The Irish origin of the French Hennessy cognac
This article deals with the route of a letter of 1789, which beyond its interest in postal matters, led me to the origins of the most famous cognac in the world.
|1789: letter to Richard Hennessy from his son.|
2- The Hennessy house
3- Content and postal matters of the letter
1- The recipient: Richard Hennessy
Richard Hennessy, the recipient of the letter, had an extraordinary destiny. Already in 1789, during this troubled period called the Revolution in France, Richard was already involved as producer and negociant of cognac. Let's go back a bit...
|Richard Hennessy, officer in the Clare regiment (1774).|
Richard Hennessy was born in 1724 in Killavullen, a small village in County Cork, Ireland. In 1743, he left Ireland for France, like thousands of young Catholics in his country, to escape English oppression. He joined the Irish brigade of the King of France and became an officer in the Clare (or Berwick) regiment, a foreign regiment, in the service of Louis XV.
|Louis XV, king of France (1773).|
Foreign regiments are regiments which served the Kingdom of France under the Ancien Régime (before the Revolution) and whose personnel were recruited, generally on the basis of mercenary volunteering, outside national borders, mainly in Switzerland, the German states, Ireland and Wallonia.
In 1745, shortly after the French victory at the Battle of Fontenoy during the War of the Austrian Succession in the Austrian Netherlands which is now Belgium, Richard discovered the region of Charente in France. After a few difficult beginnings, he began to invest in the Cognac brandy business. Cognac is a wine brandy, produced in France in a demarcated region centered around Cognac (see map chapter 3).
2- The Hennessy cognac house
In 1765, Richard decided to settle in Charente. After having negotiated the help of Parisian bankers, he arrived in this region with his wife Hélène (born Barrett) and their son Jacques (the one who wrote the letter of this article), to create his own cognac trading house. The spirits trade then experienced a spectacular boom and the settlements of foreigners, particularly from across the Channel, in the vicinity of Cognac, multiplied during the 1760s.
The Irish market was favorable to imports of cognac from France, first because the customs duties there were much lower than those practiced in Great Britain, then because the shortages of rum due to the Seven Years' War (1756-63), combined with a succession of bad harvests, led to a growing craze for cognac that only an increase in imports could satisfy.
|French advertisement for Hennessy cognac (1960s).|
As his business grew, he broadened his clientele by shipping the eaux-de-vie purchased in Cognac to London, Dublin and Flanders. He also had clients at the Court of the King of France. It was at the time of the letter that the Hennessy Co. began to produce its own cognac and took off to become a renowned house throughout Europe.
|A woman checks the clarity of the cognac before labeling the bottle (1920s).|
Today, the distillery founded by Richard Hennessy is one of the most important players in luxury spirits in the world, occupying the first place in the world for cognac. The brand is owned by LVMH (Louis Vuitton, Moët & Hennessy), a French holding multinational corporation and conglomerate specializing in luxury goods, belonging to Bernard Arnault, the second richest person in the world (Forbes, October 21, 2022) and the richest in Europe.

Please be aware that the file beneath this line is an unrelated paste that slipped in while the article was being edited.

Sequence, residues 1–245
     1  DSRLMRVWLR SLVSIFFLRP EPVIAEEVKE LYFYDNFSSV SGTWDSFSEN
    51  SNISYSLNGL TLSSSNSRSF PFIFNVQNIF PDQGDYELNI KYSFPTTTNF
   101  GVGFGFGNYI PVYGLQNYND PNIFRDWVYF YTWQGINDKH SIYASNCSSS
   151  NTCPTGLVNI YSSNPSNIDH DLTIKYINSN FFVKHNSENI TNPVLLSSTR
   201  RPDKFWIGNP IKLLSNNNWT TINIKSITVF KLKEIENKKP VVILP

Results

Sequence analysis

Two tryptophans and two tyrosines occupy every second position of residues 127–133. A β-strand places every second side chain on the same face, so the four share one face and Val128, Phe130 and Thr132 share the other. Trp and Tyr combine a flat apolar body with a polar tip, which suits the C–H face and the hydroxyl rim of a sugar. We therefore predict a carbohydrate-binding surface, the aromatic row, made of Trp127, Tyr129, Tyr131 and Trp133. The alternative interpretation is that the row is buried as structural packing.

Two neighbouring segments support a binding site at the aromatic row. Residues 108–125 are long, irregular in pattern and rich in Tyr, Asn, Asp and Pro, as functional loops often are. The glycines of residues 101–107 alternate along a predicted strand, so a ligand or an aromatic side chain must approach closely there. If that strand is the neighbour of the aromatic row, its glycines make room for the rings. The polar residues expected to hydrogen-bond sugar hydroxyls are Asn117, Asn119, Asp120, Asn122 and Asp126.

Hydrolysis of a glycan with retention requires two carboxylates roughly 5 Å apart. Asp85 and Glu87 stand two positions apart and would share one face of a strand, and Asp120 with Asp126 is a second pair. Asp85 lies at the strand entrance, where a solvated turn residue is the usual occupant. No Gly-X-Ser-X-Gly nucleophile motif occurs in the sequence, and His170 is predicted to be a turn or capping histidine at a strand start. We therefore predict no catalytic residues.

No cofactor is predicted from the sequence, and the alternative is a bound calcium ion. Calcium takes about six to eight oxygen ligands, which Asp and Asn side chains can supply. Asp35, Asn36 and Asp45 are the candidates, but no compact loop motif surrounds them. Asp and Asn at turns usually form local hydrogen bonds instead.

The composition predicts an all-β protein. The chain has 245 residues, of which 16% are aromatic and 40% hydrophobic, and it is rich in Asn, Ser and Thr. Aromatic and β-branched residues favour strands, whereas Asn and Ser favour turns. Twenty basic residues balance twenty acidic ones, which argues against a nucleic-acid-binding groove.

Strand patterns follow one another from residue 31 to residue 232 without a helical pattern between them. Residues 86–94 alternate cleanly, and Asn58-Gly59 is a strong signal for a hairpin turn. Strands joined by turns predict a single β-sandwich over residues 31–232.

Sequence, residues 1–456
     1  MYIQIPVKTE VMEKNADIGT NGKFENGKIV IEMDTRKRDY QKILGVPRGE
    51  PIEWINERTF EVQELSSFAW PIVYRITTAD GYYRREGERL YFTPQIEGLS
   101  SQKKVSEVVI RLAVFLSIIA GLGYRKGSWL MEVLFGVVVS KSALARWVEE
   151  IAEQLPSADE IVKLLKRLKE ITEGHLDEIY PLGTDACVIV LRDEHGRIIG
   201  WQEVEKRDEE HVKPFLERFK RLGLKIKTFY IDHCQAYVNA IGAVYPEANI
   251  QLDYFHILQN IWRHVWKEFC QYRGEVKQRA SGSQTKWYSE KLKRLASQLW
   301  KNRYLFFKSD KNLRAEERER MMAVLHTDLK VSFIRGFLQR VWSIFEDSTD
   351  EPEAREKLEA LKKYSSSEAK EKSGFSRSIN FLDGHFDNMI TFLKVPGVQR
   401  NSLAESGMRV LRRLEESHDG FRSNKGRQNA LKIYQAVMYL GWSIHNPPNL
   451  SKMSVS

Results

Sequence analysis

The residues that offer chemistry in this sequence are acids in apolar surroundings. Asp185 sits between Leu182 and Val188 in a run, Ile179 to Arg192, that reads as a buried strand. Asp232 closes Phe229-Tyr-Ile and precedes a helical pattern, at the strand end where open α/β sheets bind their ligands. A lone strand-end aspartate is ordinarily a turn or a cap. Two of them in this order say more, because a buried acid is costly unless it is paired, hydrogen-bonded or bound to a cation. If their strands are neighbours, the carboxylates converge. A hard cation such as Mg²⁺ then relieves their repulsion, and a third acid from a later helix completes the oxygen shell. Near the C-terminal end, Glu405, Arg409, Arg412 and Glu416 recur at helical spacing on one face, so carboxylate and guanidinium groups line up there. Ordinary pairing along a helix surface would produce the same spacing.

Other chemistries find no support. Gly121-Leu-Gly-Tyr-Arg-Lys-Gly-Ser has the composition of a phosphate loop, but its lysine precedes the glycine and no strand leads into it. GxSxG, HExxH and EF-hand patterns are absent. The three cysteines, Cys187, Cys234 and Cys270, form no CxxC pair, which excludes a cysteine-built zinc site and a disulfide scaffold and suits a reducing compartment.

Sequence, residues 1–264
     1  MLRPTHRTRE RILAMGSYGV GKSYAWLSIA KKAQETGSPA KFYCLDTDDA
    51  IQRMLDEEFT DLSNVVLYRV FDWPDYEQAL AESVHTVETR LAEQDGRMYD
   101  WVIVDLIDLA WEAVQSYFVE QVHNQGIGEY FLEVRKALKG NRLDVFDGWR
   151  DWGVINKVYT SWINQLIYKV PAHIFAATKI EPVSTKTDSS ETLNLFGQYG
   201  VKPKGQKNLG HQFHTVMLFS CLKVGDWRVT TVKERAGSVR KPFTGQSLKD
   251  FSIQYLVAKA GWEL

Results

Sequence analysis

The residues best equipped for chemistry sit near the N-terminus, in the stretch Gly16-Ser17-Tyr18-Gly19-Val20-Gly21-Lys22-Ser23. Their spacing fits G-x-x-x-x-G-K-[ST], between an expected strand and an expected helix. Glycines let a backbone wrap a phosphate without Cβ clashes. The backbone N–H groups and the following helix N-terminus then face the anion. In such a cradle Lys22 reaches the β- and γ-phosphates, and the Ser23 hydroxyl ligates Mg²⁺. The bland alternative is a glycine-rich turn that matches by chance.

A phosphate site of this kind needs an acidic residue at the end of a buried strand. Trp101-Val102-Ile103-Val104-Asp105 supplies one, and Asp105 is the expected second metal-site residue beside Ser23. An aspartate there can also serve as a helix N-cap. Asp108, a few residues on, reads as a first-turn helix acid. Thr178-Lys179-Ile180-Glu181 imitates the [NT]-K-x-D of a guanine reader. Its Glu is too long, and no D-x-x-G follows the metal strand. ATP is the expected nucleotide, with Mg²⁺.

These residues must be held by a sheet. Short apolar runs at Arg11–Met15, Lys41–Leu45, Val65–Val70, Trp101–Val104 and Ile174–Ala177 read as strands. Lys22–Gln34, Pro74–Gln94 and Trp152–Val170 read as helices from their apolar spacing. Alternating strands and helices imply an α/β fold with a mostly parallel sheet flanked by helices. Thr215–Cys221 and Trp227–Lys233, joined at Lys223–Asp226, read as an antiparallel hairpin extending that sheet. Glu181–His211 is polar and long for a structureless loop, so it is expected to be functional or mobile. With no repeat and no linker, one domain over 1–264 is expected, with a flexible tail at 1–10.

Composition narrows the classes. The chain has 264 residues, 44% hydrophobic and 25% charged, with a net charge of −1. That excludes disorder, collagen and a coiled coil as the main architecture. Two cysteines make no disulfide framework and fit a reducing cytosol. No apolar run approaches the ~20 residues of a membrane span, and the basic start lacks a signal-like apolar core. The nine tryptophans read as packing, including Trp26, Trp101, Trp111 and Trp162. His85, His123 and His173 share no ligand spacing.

It is a short letter written by Jacques (James), son of Richard Hennessy, on the way to London.
|Jacques Hennessy (1765-1843).|
His letter is dated Wednesday, September 23, 1789 at 4am, written near “Dover Boats or Roads”?. Jacques gave his letter to the “boate pilots” *** just before arriving in Dover so that it can be posted more quickly in France.
*** I write the words of Jacques. Perhaps Jacques wasn’t comfortable with written English since he was, in my opinion, bilingual (English with his close family and French for professional matters).
|The letter in its entirety.|
Richard indicated that as the letter wasn’t sent directly from a post office, he would send another one as soon as he arrived in London.
|The Calais passengers preparing to board a packet boat by Joseph Mallard Turner (1803).|
"This is a squally night", these few words from Jacques were linked with the crossing of the English Channel which at that time, especially at night, could not be easy in bad weather.
"I'm in perfect health" wrote Jacques, but it wasn't the case of the person who accompanies him and whom I couldn’t identify.
|Cognac and Saint-Jean-d'Angély, Charente.|
This letter was posted in Calais (see French postal mark) and strangely, it didn’t arrive directly to the post office of Cognac but in Saint-Jean-d'Angély where a handwritten « déboursé » of this post can be see on back. A "déboursé" of the Ancien Régime is a rare item. Read my article: French postmark "Déboursé".
|The letter with bottom right "Déb. de St Jean d'Angely".|
|Déboursé of Saint Jean d'Angely.|
Moreover, I can't explain at the bottom left the "Post Paid to London" when the letter is supposed to have traveled only in France as confirmed by the rate (tax) of 18 soles. Rate of 1759, simple letter (Calais-Paris = 8 sols + Paris-Cognac= 10 sols). So for this letter, there are no additional shipping costs as a mail send from England. Jacques may have intended to post the letter on the route between Dover and London (all letters to abroad went through London at that time) but the opportunity to send the letter earlier by transmitting it to the pilot boat changed his initial intention.